It’s really hard – impossible actually – to defend the indefensible. The sheer magnitude of this pilot’s ignorance, or willingness to take risk with both his own as well as other people’s lives, is staggering. No trip, no mission, no reward is worth the outcome you’ll see here. And as usual, we know what happened but do not understand why. I suspect there is no good answer other than “I thought I could make this work and didn’t want to inconvenience anyone.” Ego likely plays a part.

Please take a look at this case study and let us know what you think – good or bad. The decision was made not to let this accident slide quietly into oblivion but rather to hold this up as a really bad example of decision-making. Share it with your risk taking friends. There will be more to say on this topic in the near future – received a very thoughtful letter from a reader who poses a good question.

Hudson River Recap

Wednesday, September 15th, 2010

The NTSB had a public hearing yesterday to report on one of last year’s most horrific accidents, the collision between a Piper Saratoga transiting the Hudson river corridor and a sight seeing helicopter. Summarized are the findings:

“The National Transportation Safety Board determines that the probable cause of this accident was (1) the inherent limitations of the see-and-avoid concept, which made it difficult for the airplane pilot to see the helicopter until the final seconds before the collision, and (2) the Teterboro Airport local controller’s nonpertinent telephone conversation, which distracted him from his air traffic control duties, including correcting the airplane pilot’s read back of the Newark Liberty International Airport (EWR) tower frequency and the timely transfer of communications for the accident airplane to the EWR tower. Contributing to this accident were (1) both pilots’ ineffective use of available information from their aircraft’s electronic traffic advisory system to maintain awareness of nearby aircraft, (2) inadequate Federal Aviation Administration (FAA) procedures for transfer of communication among air traffic control facilities near the Hudson River class B exclusion area; and (3) FAA regulations that did not provide adequate vertical separation for aircraft operating in the Hudson River class B exclusion area.”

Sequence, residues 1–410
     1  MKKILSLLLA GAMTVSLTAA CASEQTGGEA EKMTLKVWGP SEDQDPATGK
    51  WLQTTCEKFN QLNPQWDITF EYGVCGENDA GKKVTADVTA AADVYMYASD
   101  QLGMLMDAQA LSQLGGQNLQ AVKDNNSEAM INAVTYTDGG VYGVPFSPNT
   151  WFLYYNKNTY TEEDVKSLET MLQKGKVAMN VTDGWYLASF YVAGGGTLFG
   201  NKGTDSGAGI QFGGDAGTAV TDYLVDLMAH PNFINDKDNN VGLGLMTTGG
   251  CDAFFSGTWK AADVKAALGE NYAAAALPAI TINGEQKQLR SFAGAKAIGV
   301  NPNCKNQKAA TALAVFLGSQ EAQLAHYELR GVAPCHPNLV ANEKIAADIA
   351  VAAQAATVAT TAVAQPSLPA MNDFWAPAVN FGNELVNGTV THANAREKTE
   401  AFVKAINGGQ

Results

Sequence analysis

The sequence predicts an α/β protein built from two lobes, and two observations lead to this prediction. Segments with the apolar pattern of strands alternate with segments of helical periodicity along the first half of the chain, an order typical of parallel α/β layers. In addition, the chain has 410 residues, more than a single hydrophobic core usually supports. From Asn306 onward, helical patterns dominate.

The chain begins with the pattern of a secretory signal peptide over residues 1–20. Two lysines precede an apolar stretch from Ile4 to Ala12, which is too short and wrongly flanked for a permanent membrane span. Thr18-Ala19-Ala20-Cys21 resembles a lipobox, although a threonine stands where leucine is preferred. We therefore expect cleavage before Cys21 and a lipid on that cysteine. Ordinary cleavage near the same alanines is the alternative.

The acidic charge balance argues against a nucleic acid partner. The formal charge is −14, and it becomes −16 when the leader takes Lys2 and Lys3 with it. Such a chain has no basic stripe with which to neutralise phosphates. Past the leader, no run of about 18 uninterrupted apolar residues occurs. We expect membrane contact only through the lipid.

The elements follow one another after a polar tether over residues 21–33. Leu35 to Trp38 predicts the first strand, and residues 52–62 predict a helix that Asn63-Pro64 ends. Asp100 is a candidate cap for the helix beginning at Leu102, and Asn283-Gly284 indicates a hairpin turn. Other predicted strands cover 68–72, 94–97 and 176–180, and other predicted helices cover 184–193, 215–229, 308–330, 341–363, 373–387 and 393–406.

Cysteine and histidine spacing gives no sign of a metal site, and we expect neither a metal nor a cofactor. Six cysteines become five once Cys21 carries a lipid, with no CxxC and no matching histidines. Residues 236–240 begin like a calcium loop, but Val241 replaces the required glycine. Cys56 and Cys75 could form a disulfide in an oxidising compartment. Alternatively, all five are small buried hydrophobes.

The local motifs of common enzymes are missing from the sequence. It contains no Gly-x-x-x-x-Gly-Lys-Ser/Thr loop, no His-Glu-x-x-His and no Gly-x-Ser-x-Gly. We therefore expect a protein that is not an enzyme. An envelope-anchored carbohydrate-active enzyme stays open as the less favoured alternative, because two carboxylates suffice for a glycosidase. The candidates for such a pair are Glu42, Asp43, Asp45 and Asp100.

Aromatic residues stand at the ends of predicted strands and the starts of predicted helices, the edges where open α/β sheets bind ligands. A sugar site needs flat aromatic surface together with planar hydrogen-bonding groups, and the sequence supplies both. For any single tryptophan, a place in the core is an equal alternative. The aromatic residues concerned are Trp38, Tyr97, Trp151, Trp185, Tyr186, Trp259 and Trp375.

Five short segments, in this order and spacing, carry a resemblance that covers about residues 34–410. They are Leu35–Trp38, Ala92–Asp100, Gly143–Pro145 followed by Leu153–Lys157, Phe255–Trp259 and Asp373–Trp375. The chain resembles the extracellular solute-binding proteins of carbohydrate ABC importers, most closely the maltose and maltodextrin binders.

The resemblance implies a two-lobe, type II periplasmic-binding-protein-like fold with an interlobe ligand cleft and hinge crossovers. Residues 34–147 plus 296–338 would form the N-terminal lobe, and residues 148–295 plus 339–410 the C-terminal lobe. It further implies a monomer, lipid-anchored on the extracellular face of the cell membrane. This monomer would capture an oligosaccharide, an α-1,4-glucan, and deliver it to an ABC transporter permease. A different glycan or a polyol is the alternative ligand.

The FAA, AOPA, Air Safety Foundation, the NY helicopter community and a number of other players wasted no time in convening a special working group immediately after the accident to assess and address highlighted shortcomings in the crash. This was complete only months after the crash which serves as a model of responsiveness!

They came up with some reasonable procedures which included tightening up ATC’s responsibility, creating ground rules for operations in an SFRA for anyone who would operate in this high density airspace and improving the charting.

It was both a privilege and pleasure to conduct a live seminar and one of our first webinars in Newark, NJ and White Plains, NY after the working group had come up with their recommendations. The Jersey meeting was entertaining and educational! Living up to its reputation for attitude, the participants waxed “energetic” and challenged some of the working group’s assertions.  I love Jersey!

I have to question the NTSB’s first finding on probable cause. There are limitations to see and avoid but the primary cause here was procedural involving ATC performance and practice (largely addressed now) by putting a “non-participating” aircraft into the high density of  the corridor – as it existed at that time. The other questionable finding is the contributing factor regarding the pilots’ ” Ineffective use of available information from the electronic traffic advisory systems” that both aircraft had aboard.